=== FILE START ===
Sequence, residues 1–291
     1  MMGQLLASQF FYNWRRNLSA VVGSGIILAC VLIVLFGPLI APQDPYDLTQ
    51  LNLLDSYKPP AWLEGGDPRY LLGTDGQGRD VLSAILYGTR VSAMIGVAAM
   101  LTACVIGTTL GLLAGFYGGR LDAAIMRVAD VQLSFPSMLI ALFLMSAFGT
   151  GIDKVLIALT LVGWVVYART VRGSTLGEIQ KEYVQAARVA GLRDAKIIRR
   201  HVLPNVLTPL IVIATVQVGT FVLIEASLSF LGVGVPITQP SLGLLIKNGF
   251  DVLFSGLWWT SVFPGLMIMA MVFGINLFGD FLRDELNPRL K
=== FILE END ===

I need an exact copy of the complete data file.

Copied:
Sequence, residues 1–291
     1  MMGQLLASQF FYNWRRNLSA VVGSGIILAC VLIVLFGPLI APQDPYDLTQ
    51  LNLLDSYKPP AWLEGGDPRY LLGTDGQGRD VLSAILYGTR VSAMIGVAAM
   101  LTACVIGTTL GLLAGFYGGR LDAAIMRVAD VQLSFPSMLI ALFLMSAFGT
   151  GIDKVLIALT LVGWVVYART VRGSTLGEIQ KEYVQAARVA GLRDAKIIRR
   201  HVLPNVLTPL IVIATVQVGT FVLIEASLSF LGVGVPITQP SLGLLIKNGF
   251  DVLFSGLWWT SVFPGLMIMA MVFGINLFGD FLRDELNPRL K